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USPS proposes fourth stamp price increase in two years

BY KELLY TYKO


The price of postage stamps could increase again in January 2024 — the fourth rate hike in less than two years — under a new United States Postal Service proposal revealed Friday.

Why it matters: If approved, the approximately 2% increase would be the 18th stamp rate change since 2000.

  • Rates went up twice this year with increases in January and July.

  • They also increased in July 2022 and August 2021.

  • Costs to send a letter by certified mail and insure packages will also increase if the proposal is approved.

Driving the news: The announcement comes weeks after USPS said it wouldn't levy any additional surcharges during the peak 2023 holiday season like in past years.

What they're saying: USPS said in its statement that the price adjustments are needed as "inflationary pressures on operating expenses continue and the effects of a previously defective pricing model are still being felt."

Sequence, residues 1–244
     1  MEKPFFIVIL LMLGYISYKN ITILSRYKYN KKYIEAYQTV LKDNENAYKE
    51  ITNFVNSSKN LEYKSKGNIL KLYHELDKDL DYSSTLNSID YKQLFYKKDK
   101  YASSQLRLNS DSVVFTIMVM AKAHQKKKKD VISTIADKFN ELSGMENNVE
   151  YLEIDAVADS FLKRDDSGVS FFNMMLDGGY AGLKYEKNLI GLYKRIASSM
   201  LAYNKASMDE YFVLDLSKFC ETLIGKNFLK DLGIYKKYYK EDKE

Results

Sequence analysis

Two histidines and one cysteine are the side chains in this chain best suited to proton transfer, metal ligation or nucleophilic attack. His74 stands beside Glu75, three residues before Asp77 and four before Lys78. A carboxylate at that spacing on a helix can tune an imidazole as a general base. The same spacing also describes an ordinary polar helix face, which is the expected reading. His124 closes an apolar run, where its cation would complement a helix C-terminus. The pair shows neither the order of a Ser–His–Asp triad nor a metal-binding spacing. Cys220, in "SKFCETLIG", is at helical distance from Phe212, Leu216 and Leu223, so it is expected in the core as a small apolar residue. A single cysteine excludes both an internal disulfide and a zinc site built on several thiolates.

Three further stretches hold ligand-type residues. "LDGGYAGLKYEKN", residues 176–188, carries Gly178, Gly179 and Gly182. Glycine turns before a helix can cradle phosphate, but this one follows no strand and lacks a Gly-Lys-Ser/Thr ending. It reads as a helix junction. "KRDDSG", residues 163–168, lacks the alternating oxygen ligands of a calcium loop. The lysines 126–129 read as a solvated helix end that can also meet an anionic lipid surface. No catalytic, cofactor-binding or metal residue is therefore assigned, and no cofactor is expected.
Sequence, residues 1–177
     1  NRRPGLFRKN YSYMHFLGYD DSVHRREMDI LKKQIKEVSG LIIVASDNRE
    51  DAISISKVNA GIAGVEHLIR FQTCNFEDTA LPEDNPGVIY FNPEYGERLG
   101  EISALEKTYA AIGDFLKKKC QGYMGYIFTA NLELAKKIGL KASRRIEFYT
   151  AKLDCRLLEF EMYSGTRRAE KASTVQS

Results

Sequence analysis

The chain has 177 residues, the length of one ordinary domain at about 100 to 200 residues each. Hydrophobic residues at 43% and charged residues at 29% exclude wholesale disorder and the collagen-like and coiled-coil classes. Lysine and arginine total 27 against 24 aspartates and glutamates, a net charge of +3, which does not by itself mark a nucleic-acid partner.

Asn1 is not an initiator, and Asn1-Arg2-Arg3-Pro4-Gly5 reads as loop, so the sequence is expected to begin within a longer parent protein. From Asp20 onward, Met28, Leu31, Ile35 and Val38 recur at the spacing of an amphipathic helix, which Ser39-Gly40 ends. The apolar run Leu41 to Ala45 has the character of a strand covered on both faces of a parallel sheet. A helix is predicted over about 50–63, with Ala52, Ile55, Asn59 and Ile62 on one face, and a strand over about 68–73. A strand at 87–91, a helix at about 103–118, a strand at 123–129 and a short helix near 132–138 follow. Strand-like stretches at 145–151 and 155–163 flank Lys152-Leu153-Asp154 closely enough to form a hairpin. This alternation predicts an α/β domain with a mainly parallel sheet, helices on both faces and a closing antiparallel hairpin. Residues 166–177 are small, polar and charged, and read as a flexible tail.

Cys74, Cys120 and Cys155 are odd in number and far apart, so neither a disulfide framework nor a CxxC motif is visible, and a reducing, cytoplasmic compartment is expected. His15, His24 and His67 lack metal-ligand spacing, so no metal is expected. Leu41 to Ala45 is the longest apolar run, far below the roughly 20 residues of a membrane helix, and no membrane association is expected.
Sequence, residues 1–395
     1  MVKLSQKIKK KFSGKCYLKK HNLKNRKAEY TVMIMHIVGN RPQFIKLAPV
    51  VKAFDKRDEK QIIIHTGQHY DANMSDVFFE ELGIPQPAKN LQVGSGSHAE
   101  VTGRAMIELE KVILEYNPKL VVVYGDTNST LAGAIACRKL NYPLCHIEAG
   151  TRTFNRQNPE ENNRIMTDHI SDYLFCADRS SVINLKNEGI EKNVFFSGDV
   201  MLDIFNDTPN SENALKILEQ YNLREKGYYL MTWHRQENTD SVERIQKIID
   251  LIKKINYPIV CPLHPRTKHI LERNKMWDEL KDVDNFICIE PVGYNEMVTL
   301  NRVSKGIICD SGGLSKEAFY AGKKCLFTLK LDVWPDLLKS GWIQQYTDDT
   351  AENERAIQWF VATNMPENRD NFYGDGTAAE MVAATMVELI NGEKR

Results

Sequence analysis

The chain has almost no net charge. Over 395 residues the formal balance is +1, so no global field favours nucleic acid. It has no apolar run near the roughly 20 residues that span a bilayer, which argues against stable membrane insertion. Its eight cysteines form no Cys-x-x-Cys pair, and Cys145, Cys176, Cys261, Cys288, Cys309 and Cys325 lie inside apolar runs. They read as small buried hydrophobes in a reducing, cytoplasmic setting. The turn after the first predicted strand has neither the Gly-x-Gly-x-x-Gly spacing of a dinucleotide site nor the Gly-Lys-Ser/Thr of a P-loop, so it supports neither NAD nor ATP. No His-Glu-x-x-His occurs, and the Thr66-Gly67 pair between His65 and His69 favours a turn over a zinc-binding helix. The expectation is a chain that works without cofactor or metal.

Stamp increase could start Jan. 21

Sunday, Jan. 21 is the day the new rates would go into effect and postage for a 1-ounce letter would increase to 68 cents, up 2 cents from the current price of 66 cents. Other increases are:

  • Metered 1-ounce letters would cost 64 cents, up from 63 cents.

  • Postcards sent domestically would be 53 cents, up from 51 cents.

  • International postcards and 1-ounce letters would see a 5-cent increase to $1.55.

Forever stamp prices

Flashback: The Postal Service first started selling Forever stamps in 2007, when they cost 41 cents.

  • Since 2011, all first-class commemorative stamps have been issued as Forever stamps.

More USPS stamp hikes

Meanwhile, Kevin Yoder, executive director of the advocacy group Keep US Posted, said he expects the proposed rate hike will drive more consumers and businesses away from using the mail.

These unprecedented postage hikes are giving Americans rate whiplash and compromising the Postal Service's ability to deliver for America," said Yoder, a former Republican congressman from Kansas.

  • "Paper mail business keeps USPS afloat, and with every postage hike, more mail leaves the system forever," Yoder said.

What's next: More price increases are expected as part of Postmaster General Louis DeJoy's 10-year Delivering for America plan "to achieve financial sustainability."

  • Yoder said the "twice annual postage increases are the only part of the Delivering for America Plan that is coming to fruition."

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